“ ideas, and suppoling the want, or misapplica.
b6 tion of the former, to proceed from a defect,
“ or confusion, in the latter. In dealing with a
“ Genoese, the bargain is soon concluded; for
“ they feldom alk more than they mean to take,
“ and are a people of few words."

Here I shall quit the portefeuille * * * but have
still something to say before I leave Genoa, hav.
ing as yet taken no notice of their natural history.
Before I begin upon this new subject, I must not
omit to mention their chairs, and the reverberating

lamps for lighting the streets. The chairs are ex-
Lighting
the freets, tremely well made; they are lined with velvet,
chairs,&c. and finely varnished on the outside. The com-

mon hackney-chairs are perfectly neat and clean,
and the chairmen as good as those in London.
Their reverberating lamps hang in the middle of
the streets, and by means of a high polish within,
and the suspension of the box that contains the
oil in a particular direction, the light proceeding
from them is not only extremely brilliant, but

seems

seems perpetually increasing, or augmenting its rays from within. They have altogether a beautiful effect. .. Marble is very well sculptured at Genoa. The Marbles. finest marbles found in this country, are the alabaster of Sestri, the red and green of Polcevera, and the white marble of Carara. · The Nate called lavagna, is extremely common Lavagna, here; it is brought from a very large quarry, and other about twenty-five miles from Genoa; and put to produca variety of uses, as tables, shelves, &c. cold and tons, disagreeable, both to the touch and view; rooms are paved with it, but it never appears clean. I observed, as we descended the buchetta, where the ground had been cụt away for the road, several Itrata, chiefly consisting of various sorts of schistus, intermixed with quartz, here and there rocks of marble, veined with red, and a great deal of Nate-like substance, of a brownish cast, with shining silvery particles; and at about six miles from Genoa, on that fide called St. Pietro D'Arena, a black magnetic sand, which is found in plenty after storms on the sea-beach.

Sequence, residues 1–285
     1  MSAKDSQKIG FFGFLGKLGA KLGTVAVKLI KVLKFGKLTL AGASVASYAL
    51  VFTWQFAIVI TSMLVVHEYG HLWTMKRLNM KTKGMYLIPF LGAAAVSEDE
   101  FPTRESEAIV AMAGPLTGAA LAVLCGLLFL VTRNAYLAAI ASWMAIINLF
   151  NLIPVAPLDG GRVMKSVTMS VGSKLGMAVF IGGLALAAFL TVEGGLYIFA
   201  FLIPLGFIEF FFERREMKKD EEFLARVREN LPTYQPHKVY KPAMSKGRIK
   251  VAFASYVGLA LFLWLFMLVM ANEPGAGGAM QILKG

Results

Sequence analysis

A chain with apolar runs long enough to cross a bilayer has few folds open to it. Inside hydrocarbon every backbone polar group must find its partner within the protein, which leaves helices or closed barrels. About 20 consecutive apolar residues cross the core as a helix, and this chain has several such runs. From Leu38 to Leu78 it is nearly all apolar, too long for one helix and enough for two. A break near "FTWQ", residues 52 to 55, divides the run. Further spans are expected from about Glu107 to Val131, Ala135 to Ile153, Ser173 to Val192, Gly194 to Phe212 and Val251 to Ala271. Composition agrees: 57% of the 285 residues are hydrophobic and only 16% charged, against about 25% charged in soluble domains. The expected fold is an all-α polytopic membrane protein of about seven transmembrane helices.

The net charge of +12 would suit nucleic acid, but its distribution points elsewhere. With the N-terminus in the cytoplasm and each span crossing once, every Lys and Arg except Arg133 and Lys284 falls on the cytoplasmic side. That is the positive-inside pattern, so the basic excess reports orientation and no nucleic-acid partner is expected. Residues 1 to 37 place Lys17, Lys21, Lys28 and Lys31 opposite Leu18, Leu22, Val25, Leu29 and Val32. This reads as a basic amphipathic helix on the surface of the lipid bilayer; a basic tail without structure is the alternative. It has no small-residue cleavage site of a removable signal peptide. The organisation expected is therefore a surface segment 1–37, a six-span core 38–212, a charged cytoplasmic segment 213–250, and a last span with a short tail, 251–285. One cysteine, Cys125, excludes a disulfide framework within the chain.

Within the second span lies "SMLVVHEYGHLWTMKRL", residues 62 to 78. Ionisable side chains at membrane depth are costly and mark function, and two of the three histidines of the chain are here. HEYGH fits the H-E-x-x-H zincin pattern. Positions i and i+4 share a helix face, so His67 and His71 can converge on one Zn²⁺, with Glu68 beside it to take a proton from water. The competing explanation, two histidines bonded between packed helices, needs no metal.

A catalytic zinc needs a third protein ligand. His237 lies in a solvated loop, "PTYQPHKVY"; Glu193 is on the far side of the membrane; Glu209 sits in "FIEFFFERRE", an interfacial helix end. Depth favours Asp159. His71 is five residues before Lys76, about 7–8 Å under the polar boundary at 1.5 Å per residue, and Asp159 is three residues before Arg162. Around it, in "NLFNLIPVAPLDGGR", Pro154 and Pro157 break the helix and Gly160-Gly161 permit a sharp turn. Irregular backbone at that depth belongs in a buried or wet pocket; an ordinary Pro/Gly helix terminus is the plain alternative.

I shall now acquaint you, that you have, in these long letters, such particulars as appeared to me most worthy of notice in this Republic. We are about to leave Genoa immediately. I shall write to you from Piacenza (Plaisance). My letter is such a volume, that I shall be obliged to dispose of it in parts, under three or four covers. I haye not the least intention to make an apology to

you

you for its tediousness. On the contrary, I think you should be very much obliged to me for the fatigue I have had (though perhaps to little purpose) writing so fully and circumstantially in obe. dience to your commands ; for I assure you I have lived here in a very hurrying manner. News is just brought us of an English shallop being arrived in the port; but she is too far off as yet to know who she brings. No passengers on board; but there is a felucca come in, with two English from Antibes. Mr.

M a nd his governor. Adieu. From, &c.

M--- has wrote to his banker at Florence, to send all letters addressed to us to Bologna, as we shall inake some little stay there, and you may judge how impatient we both are to hear from you.

LET: